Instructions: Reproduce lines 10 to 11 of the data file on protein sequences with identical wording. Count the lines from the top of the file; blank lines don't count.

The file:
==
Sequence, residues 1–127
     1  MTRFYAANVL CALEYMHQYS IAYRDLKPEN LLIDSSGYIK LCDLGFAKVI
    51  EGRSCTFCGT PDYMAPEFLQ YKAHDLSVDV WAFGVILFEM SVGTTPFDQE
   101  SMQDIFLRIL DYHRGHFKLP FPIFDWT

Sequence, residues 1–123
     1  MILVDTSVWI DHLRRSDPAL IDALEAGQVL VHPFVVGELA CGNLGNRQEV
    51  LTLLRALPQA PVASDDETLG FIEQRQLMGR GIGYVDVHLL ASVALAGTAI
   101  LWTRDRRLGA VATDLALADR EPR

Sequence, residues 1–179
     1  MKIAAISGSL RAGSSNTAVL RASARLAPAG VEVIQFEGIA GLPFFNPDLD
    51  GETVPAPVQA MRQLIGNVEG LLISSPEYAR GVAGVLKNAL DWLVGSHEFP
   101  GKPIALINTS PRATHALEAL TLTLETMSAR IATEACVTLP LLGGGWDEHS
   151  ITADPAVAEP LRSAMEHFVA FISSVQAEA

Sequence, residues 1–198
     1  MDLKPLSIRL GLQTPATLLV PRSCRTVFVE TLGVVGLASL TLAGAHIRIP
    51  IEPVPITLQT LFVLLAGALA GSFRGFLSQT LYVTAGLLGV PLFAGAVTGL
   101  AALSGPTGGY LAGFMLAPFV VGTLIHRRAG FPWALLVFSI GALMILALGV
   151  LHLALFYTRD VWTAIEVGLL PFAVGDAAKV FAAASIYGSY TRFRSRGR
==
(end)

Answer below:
     1  MKIAAISGSL RAGSSNTAVL RASARLAPAG VEVIQFEGIA GLPFFNPDLD
    51  GETVPAPVQA MRQLIGNVEG LLISSPEYAR GVAGVLKNAL DWLVGSHEFP